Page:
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A Fine Line by Janice Kleinschmidt

Mindful Art

Memories in the Making uses painting as a way to help those with Alzheimer’s disease

A member of the golf club, tennis club, athletic council and National Honor Society, Elinor Murphy also served as class secretary and president. These days, she resides at an assisted-living facility in Carmel Valley, where she painted Spring, one of 18 paintings paired with works by professional artists and auctioned at Memories in the Making, a fundraiser of the Alzheimer’s Association’s San Diego/Imperial chapter.

Elinor’s work inspired professional artist Ellen Dieter to paint Spring has Sprung.

“I was drawn to the simple marks and colors,” she says. “They felt happy and very full of energy and hope.”

Elinor and Ellen’s works were sold as a pair in March during the live auction portion of the 17th annual Memories in the Making that attracted some 300 guests and raised $150,000 — a record for the San Diego event.

“The program started with the Orange County chapter in 1988,” says Mary Ball, president and CEO of the local chapter. In San Diego County, 30 senior living and care facilities serve as host sites and submit paintings made by Alzheimer’s artists for auction selection. Classes also are offered at the Alzheimer’s Association’s Clairemont Mesa offices. “Eighty-five percent of people with Alzheimer’s are cared for at home, so we are expanding the program so that they can participate as well,” Mary says.

The 2014 auction encompassed 70 works by Alzheimer’s artists, 18 of which were paired with works by professional artists.

“We go through a jurying event in which hundreds and hundreds of Alzheimer’s art are reviewed by professional artists and community members. We invite artists who have done pairings in the past, instructors, our board of directors, and volunteers who have been involved with the program,” Mary explains. “The facilities send in artwork that has been created throughout the year, so there is a large volume of work.”

Paintings that are not selected are returned to the facilities, and professional artists view the chosen works to single out one that inspires them to create a companion piece. The two works are auctioned off as pairs. This year, 11 of the 18 artists who created paired works had participated in prior Memories in the Making auctions.

Grace Ann Swanson carved and painted a gourd inspired by Taeko Doi’s Something in Water. Eider de Mello painted a surfboard inspired by Harold Dickman’s Sunset Surfer. And Jen Frazee Rodi made a succulent garden inspired by Sylvia Kurasch’s Beautiful Flower.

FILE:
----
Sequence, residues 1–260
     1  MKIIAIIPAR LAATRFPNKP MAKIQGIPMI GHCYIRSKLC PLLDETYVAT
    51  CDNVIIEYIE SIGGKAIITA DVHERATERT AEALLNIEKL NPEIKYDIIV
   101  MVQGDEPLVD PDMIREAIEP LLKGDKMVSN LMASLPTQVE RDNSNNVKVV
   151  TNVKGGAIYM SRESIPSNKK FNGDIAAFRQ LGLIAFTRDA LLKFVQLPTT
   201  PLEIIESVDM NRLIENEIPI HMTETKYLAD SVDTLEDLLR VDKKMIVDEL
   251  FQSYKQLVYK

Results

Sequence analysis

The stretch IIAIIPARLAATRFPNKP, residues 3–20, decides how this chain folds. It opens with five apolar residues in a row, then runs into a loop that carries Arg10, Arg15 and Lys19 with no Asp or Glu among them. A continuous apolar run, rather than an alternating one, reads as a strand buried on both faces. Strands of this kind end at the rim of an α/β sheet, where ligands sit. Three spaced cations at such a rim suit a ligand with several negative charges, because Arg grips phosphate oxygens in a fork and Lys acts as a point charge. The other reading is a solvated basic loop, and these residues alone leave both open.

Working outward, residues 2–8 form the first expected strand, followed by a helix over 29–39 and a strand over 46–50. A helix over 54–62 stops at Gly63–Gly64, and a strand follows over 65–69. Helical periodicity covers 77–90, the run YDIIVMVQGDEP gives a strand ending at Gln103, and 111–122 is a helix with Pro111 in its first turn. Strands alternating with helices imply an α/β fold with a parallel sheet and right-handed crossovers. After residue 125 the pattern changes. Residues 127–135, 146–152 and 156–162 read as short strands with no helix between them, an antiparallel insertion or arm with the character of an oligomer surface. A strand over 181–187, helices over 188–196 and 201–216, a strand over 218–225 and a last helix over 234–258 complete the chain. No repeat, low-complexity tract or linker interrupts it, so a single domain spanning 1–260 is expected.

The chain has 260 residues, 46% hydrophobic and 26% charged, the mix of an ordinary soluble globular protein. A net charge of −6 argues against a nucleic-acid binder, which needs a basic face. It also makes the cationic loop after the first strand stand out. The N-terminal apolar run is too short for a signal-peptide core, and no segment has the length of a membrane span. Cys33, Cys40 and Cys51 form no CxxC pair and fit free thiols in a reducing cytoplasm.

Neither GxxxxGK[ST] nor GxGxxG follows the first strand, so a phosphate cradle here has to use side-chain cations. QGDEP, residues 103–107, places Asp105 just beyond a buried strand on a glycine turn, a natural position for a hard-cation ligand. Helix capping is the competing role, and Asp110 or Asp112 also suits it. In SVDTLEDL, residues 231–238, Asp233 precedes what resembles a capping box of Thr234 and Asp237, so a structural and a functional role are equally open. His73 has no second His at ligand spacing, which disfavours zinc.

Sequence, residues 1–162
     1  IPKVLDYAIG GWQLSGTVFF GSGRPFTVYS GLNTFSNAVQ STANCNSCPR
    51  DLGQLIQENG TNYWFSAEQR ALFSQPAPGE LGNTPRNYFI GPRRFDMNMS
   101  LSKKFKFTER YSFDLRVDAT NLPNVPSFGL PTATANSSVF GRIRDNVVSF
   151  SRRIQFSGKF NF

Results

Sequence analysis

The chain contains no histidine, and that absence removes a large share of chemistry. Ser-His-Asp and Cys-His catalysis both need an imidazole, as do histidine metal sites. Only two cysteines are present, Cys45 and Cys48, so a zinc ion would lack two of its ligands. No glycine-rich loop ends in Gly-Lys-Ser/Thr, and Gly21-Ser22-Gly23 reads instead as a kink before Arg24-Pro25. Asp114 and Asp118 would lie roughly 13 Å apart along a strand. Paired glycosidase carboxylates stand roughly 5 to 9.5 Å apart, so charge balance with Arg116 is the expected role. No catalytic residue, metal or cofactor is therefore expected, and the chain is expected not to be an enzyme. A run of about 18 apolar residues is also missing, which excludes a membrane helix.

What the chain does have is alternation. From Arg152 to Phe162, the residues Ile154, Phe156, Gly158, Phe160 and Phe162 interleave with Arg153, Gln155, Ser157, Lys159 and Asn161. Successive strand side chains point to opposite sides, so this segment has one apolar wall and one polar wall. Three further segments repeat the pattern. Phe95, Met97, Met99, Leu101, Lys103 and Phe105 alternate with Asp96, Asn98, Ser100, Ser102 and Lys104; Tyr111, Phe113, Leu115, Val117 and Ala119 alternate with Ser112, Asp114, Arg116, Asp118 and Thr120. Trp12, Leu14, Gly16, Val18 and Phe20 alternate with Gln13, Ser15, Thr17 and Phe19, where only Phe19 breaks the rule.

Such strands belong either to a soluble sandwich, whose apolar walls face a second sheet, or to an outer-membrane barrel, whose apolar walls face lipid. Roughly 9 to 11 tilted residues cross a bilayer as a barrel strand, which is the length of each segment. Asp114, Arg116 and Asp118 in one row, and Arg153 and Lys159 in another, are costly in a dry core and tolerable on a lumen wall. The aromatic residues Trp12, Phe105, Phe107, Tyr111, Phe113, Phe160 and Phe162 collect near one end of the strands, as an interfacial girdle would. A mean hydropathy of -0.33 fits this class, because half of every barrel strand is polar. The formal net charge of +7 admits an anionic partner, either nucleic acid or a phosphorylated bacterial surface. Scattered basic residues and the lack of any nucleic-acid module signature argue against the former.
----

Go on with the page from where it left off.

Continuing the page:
“My mother was diagnosed with early-onset Alzheimer’s at the age of 60,” Jen says. “The association offered the support and educational direction we needed to navigate the uncharted territory ahead.”

“A number of the professional artists [that create paired works] have a connection to the diseased with a loved one,” Mary says. “Typically, once they are involved with Memories in the Making, they come back year after year. Some artists reach out to us and want to be involved. Conversely, we will hear from people in the community about an incredible artist and we will reach out to them.”

The subject matter of the artworks in this year’s auction ranged from abstract to figurative.

“Oftentimes, it’s landscapes. It’s places with houses. It’s a pet. Typically, when a family member sees that piece of art, they know what the artist was trying to communicate,” Mary says.

Nine local framing companies donated frames, mats and framing services for the paintings exhibited at Fairbanks Ranch Country Club on the evening of the fundraiser.

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Many of the Alzheimer’s works focused on flowers and trees, a lake or ocean, birds (even a family of penguins), skies, and animals ranging from a house cat to a tiger. The overriding theme appeared to be serenity, joy and humor. Abstract paintings, in addition to Elinor’s Spring, bore titles such as Busy in Brooklyn, Hula Hoops and It Can’t Make Up Its Mind.

Displayed with each painting was a card from which the viewer could learn the artist’s name; the facility where they created the work; and something about them personally, such as where they grew up, their career before retirement, how many children they had, traits of their personality and what they enjoy doing.

The card for Cindy Jenkins, who painted Tiger in the Snow, for example, revealed that when she worked for a potato farming company in Idaho, she was known as “The Tator Tot Queen”; that she spent a night out with girlfriends at a resort where they met Bruce Willis; and that when she was Kurt Russell’s neighbor, he would play her grand piano and they would walk to a bar called The Yodeler.

The card for professional artist Sue Turnbull said that Cindy’s painting reminded her of “the similarities we still have as humans despite being stricken with a disease such as Alzheimer’s.”

Mary thinks that what surprises people the most when they see the exhibitions is that almost all of the Alzheimer’s artists hadn’t painted before Memories in the Making and, yet, “they’re able to produce incredible pieces of art.

“They may no longer have the ability to speak or walk,” she says, “but they can paint.”

Artwork that did not sell during the Memories in the Making auction will be available for purchase at the Alzheimer’s Association’s holiday open house in December.

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